Uber disappoints once again
The latest quarterly results from Uber have disappointed investors by confirming a total NET loss of US$5.2bn. This is far in excess of the company’s US$878m NET loss recorded a year ago – itself a huge amount of money.
This enormous loss can partly be explained by US$3.9bn of stock compensation payments related to Uber’s initial public offering, but revenue also rose more slowly than expected. Analysts expected growth of US$3.2bn, but this target was missed as the first quarter growth rate of 20% was not repeated.
This is in spite of an increase in bookings (31%), active users (30%) and trips (35%) – which raises questions about Uber’s business model in its entirety. How can all of its fundamental services grow while revenue goes down and losses go up?
Gene Munster, an analyst at Loup Ventures, was not impressed by the numbers, saying: “Bottom line: as a growth company, you have to beat your revenue numbers, and that didn’t happen this quarter.”
However, Dara Khosrowshahi, Uber chief executive, was more upbeat as you would expect, arguing that the company expects losses to narrow over the coming years. “The competitive environment in most of the markets that we’re competing [in] are stable or improving, or our competitive tactics are improving,” he told analysts.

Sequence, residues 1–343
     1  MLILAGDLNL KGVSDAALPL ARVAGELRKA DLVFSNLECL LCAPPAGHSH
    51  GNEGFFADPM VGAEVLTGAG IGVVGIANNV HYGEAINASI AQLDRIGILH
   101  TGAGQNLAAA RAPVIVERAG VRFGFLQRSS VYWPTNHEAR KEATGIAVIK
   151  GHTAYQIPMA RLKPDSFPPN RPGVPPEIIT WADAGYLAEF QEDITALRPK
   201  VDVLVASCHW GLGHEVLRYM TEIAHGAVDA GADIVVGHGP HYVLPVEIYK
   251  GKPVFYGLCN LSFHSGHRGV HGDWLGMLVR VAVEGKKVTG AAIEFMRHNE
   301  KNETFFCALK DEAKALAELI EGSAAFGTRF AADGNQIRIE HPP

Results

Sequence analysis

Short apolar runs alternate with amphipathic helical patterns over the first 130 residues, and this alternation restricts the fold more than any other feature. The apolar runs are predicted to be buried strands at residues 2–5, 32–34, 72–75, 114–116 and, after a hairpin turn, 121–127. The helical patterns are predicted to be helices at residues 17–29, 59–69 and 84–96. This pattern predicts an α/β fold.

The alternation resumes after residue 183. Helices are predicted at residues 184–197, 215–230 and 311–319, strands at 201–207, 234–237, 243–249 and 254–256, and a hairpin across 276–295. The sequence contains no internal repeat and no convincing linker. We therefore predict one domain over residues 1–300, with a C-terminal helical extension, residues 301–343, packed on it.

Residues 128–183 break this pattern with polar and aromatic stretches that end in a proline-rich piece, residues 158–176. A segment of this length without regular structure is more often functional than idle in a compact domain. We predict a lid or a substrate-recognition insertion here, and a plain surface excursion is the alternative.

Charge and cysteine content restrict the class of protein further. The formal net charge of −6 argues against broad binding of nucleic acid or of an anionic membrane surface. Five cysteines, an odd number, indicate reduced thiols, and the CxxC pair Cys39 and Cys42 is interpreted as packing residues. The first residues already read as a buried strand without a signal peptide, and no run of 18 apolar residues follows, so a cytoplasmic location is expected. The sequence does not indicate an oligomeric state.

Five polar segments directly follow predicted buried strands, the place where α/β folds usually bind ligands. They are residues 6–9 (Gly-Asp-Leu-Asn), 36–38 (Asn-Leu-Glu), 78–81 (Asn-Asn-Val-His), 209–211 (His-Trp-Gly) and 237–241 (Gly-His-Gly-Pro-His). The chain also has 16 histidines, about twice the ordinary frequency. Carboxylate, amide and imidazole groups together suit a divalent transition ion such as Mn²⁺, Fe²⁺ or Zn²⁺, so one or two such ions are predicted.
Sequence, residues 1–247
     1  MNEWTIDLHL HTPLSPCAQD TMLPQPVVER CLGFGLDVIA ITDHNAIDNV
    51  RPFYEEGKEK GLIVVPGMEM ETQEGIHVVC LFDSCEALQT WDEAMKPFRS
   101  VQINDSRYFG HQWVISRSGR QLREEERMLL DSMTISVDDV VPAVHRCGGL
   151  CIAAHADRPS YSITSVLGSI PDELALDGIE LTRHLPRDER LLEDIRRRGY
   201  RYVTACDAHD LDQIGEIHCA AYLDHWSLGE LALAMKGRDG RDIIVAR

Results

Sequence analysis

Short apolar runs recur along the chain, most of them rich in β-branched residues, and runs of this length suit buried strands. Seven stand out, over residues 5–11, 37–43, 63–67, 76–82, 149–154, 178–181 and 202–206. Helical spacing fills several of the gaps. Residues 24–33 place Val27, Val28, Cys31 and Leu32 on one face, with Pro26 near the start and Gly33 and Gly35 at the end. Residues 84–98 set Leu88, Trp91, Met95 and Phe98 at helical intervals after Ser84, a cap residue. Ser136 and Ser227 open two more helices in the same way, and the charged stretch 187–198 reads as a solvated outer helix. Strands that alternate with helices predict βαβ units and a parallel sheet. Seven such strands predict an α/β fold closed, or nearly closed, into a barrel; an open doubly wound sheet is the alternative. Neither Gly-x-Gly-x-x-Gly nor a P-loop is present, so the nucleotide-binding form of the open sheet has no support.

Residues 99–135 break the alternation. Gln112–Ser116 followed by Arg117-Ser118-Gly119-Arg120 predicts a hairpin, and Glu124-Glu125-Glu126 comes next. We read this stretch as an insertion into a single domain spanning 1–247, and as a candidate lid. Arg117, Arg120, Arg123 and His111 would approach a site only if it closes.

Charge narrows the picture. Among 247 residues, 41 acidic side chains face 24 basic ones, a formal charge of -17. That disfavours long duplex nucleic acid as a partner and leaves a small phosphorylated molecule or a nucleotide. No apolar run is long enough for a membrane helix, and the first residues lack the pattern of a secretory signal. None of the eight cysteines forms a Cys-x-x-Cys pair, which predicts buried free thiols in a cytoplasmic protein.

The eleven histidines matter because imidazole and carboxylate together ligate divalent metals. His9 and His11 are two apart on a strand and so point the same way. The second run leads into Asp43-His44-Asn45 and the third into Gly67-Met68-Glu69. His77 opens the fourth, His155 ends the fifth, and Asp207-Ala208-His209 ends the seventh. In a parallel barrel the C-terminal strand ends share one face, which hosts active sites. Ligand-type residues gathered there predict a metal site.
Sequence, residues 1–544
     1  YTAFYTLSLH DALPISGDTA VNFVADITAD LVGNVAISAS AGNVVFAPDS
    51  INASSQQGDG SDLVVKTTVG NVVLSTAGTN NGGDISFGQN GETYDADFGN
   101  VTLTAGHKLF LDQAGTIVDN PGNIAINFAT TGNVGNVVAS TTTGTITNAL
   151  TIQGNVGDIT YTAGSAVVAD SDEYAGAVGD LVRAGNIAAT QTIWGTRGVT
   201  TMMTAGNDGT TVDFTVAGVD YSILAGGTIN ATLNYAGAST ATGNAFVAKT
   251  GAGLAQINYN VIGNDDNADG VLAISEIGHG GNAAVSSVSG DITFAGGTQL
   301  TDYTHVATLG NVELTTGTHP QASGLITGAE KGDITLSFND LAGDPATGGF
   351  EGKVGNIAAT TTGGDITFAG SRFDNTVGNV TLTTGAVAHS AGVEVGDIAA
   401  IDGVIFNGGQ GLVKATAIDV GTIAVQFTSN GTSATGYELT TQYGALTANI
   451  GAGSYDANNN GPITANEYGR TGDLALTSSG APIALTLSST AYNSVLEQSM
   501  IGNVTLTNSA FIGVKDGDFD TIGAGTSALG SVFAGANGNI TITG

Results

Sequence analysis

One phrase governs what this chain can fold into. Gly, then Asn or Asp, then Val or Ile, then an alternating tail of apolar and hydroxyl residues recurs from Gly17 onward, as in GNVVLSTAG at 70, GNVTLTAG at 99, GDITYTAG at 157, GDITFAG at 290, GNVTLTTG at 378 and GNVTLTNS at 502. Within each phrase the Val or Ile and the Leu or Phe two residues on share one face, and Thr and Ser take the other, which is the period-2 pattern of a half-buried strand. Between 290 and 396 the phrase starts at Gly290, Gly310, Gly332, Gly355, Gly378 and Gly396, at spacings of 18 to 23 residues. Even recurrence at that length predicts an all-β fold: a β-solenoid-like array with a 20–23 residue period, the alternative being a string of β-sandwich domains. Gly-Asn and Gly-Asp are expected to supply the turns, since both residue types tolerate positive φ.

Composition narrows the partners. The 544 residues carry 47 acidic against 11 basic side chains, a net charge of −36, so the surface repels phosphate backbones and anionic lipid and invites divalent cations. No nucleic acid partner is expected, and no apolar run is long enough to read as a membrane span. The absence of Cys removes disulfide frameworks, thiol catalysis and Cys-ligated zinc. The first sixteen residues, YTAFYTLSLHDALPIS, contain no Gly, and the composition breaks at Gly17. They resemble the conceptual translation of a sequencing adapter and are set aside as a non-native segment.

Uber is also under fire in several other areas. The most disappointing is that the company is saving US$500m a year by refusing to classify its drivers as employees. By calling them “contractors”, Uber avoids paying an average of US$9.07 an hour in America, for example. Or, to put it a different way, Uber is not paying minimum wage, overtime, health insurance, lunch or rest breaks, holiday pay or social security.
A second area where Uber is failing is that it is increasing traffic and, therefore, traffic fatalities. The main benefit of ride-hailing taxi services is that they can provide capacity in underserved areas. However, the evidence is that platforms such as Uber are also increasing traffic in areas that have a satisfactory level of public transport. This is bringing more cars into cities, and research from the University of Chicago’s Booth School of Business estimates that services like Uber are now responsible for up to 3% of all crashes.
There is something deeply troubling about a business which manages to inflict higher fatality rates on urban areas at the same time as worsening traffic and undercutting wages for workers.
The people in charge at Uber are betting they can ride out all the bad publicity for long enough that their undercutting of prices can drive traditional taxi companies out of business. Once it has a monopoly, Uber will then raise its prices – though whether it will simultaneously start treating its drivers better is doubtful. After all, if Uber’s undercutting destroys the competition then drivers will have nowhere else to go.
However, until it reaches that point – if it ever does – then Uber appears to be operating on a business model that will continue to make traffic issues worse, drive down employment standards and burn through investors’ money. It will be interesting to see how much longer investors will continue to pour their money in, and whether they will stop before Uber wins its bet.